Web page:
Review: T-Mobile G-Slate Shows Promise (in 3-D!)


The next Google (s goog) Android Honeycomb tablet arrives on April 20, in the form of the T-Mobile G-Slate, built by LG. The 8.9-inch tablet, priced at $529 after $100 rebate with a two-year data plan, or $729 without contract, sits squarely in between the size of Apple’s iPad (s aapl) and Samsung’s Galaxy Tab. Is there room for such a slate? T-Mobile thinks so, and it added one key differentiating feature that no competing tablet offers: a unique, dual rear-camera solution that captures 3-D videos.

I’ve only had the G-Slate under review for a few days, but given that it uses the same Honeycomb platform and similar hardware found on the Motorola Xoom (s mmi), most of the differences are found in the device size, software features and mobile broadband connectivity. In fact, the same dual-core Nvidia Tegra 2 (s nvda) used in the larger Xoom tablet powers the G-Slate although the device feels as though it performs slightly faster.

Hardware Observations

The G-Slate has a pleasing design, with rounded edges and corners. Aside from the display, there’s nothing visible on the front except for the camera, which is oddly placed at the top left corner of the bezel. As a result, video call tests showed me looking away from my caller on their end, regardless of whether the G-Slate was in portrait or landscape mode. Buttons on the side include power and a volume rocker. A micro USB port and HDMI output are on the bottom.

One smart design choice I found was the inclusion of three speakers: one on the left side and two on the right. That seems odd, but it makes sense, because the G-Slate intelligently shifts sounds to the appropriate speakers, depending on how you hold the device. Use it in landscape, and sound comes from the left and right speakers. Turn the tablet to portrait, and the sound is routed into the two speakers on the right, which are actually on the bottom of the G-Slate in portrait mode.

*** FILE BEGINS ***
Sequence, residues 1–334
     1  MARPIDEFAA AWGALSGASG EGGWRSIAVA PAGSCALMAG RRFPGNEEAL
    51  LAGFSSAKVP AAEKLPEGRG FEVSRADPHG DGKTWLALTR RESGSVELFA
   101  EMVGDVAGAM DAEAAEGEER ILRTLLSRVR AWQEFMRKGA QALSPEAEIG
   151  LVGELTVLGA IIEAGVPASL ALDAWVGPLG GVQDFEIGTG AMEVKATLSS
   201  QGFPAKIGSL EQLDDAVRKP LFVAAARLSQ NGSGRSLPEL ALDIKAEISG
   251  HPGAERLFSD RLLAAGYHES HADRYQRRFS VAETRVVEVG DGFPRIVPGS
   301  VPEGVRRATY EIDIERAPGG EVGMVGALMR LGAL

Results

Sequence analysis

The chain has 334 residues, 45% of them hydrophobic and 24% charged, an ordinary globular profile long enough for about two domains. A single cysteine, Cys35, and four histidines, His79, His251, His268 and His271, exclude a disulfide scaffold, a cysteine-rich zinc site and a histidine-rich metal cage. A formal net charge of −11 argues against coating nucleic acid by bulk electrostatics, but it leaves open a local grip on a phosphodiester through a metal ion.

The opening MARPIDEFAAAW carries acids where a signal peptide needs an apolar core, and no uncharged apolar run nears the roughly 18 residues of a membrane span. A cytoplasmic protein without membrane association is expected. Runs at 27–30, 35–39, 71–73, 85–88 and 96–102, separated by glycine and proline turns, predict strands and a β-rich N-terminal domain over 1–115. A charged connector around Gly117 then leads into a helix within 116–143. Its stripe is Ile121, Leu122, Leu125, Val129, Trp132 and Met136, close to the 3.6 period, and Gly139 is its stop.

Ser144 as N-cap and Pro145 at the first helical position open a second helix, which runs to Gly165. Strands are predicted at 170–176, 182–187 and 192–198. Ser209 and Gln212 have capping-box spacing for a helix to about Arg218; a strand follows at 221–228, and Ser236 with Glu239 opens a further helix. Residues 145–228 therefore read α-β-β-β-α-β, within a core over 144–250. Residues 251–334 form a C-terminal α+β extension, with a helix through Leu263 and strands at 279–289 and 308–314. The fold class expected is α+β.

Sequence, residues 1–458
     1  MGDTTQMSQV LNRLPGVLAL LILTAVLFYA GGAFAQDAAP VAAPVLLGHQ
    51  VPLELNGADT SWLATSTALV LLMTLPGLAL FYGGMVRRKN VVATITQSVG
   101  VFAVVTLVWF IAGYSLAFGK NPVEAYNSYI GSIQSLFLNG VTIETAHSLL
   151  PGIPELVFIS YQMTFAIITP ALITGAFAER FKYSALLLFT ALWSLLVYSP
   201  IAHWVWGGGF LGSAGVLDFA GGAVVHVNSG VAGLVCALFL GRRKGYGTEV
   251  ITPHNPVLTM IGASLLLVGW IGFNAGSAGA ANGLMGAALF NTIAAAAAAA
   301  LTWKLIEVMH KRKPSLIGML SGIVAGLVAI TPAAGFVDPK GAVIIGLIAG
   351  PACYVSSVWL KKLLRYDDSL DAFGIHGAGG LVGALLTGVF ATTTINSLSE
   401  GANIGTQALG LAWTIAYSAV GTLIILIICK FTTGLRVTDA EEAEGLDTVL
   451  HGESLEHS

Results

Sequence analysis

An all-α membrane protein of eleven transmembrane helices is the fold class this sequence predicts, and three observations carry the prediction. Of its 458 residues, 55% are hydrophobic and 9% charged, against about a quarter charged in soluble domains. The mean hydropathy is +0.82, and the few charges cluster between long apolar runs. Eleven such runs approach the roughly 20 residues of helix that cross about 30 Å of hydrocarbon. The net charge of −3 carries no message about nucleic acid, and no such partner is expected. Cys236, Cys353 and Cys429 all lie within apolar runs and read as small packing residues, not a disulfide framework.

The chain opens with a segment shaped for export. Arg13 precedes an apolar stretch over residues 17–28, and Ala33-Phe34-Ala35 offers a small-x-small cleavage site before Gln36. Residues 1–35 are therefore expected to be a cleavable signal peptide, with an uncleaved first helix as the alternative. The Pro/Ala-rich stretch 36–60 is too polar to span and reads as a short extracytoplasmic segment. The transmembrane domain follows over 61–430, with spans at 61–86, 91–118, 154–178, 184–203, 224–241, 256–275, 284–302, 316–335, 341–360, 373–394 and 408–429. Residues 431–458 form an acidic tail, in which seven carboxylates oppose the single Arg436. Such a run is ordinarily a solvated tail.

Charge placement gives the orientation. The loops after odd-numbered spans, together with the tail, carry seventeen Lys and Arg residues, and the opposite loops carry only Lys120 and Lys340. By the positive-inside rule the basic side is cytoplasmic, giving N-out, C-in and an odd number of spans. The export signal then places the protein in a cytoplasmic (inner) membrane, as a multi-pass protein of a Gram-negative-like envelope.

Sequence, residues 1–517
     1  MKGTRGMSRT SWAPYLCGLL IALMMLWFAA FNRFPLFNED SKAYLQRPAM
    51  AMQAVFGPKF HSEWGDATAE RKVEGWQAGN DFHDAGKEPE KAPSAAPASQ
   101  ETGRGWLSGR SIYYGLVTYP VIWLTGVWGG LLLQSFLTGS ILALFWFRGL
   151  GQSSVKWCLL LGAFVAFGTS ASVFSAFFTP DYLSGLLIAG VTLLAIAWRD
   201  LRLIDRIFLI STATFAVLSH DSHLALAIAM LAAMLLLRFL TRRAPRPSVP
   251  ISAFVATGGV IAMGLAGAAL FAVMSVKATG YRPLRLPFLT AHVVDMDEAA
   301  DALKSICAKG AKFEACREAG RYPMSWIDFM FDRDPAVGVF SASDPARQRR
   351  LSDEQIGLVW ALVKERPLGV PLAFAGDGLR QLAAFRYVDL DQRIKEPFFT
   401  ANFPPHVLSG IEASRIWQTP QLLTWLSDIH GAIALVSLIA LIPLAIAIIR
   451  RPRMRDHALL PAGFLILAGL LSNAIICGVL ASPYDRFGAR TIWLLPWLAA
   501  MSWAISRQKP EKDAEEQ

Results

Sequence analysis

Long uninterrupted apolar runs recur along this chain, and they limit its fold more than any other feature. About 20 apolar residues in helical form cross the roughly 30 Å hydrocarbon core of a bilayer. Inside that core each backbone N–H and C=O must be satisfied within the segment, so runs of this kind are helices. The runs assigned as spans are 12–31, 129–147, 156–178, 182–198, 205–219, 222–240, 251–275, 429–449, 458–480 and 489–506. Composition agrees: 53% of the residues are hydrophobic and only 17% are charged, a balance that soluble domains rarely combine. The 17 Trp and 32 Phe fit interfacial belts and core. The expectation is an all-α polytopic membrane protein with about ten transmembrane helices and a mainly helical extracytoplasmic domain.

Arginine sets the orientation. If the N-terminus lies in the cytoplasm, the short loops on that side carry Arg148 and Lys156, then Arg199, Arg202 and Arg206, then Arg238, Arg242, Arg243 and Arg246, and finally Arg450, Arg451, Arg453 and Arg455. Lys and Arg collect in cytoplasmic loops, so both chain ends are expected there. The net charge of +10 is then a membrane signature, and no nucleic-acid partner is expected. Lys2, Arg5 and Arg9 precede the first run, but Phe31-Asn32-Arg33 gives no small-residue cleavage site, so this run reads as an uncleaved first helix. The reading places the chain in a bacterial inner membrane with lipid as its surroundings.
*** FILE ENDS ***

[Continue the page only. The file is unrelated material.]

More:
Just as with the Xoom, the G-Slate uses a proprietary charging port, which is small and thin. Luckily, the device can get through a solid eight hours of use, depending on the activities you use it for. My casual web browsing, managing email, listening to music and playing the occasional game allowed me to get through a regular work day on the non-removable battery.

As the happy owner of a 7-inch Galaxy Tab Android tablet, I wondered how much I’d like the 8.9-inch size of the G-Slate, considering I dumped the first iPad due to size. I find the iPad too big and heavy to use everywhere or to hold for extended amounts of time, while my 7-inch tablet fits in a pocket and is much lighter. This may be a matter of personal preference, but I’d still take a 7-inch device over the 8.9 G-Slate, all thing being equal.

The first challenge is due to text input. You can’t comfortably touch-type in landscape because it’s too small, yet thumb-typing in landscape is a stretch. Secondly, the tablet too big for a pocket and weighs 22 ounces. That compares to a light 13.58 ounces for my just-pocketable Galaxy Tab and 21.5 ounces for the barely-lighter iPad 2. (Note: The image gallery compares the size of the G-Slate to the Galaxy Tab, iPad 2 and Motorola Xoom.)

Of course, neither of those tablets can use T-Mobile’s HSPA+ network, while the G-Slate can. In areas of limited coverage, speed tests showed peak download speeds of 6 Mbps. The G-Slate is likely capable of faster speeds, but I wasn’t able to travel to a region with faster coverage. If I do so before sending the review unit back, I’ll update here with the results. Regardless, even the speeds I saw were more than fast enough for most tasks on the tablet. And the G-Slate can be used as a wireless hotspot at no additional charge, so the 4G connection can be shared over Wi-Fi with other devices.

Software Isn’t Completely Solid (Yet)

The G-Slate runs on Google’s Honeycomb platform, built specifically for tablets, but not much (if anything) has changed since the February debut of the Motorola Xoom. The Honeycomb experience is essentially a stock Android interface; there aren’t any T-Mobile customizations that I can see. Aside from T-Mobile TV and a Get Web Now app for activating mobile broadband, there isn’t much carrier-specific software installed.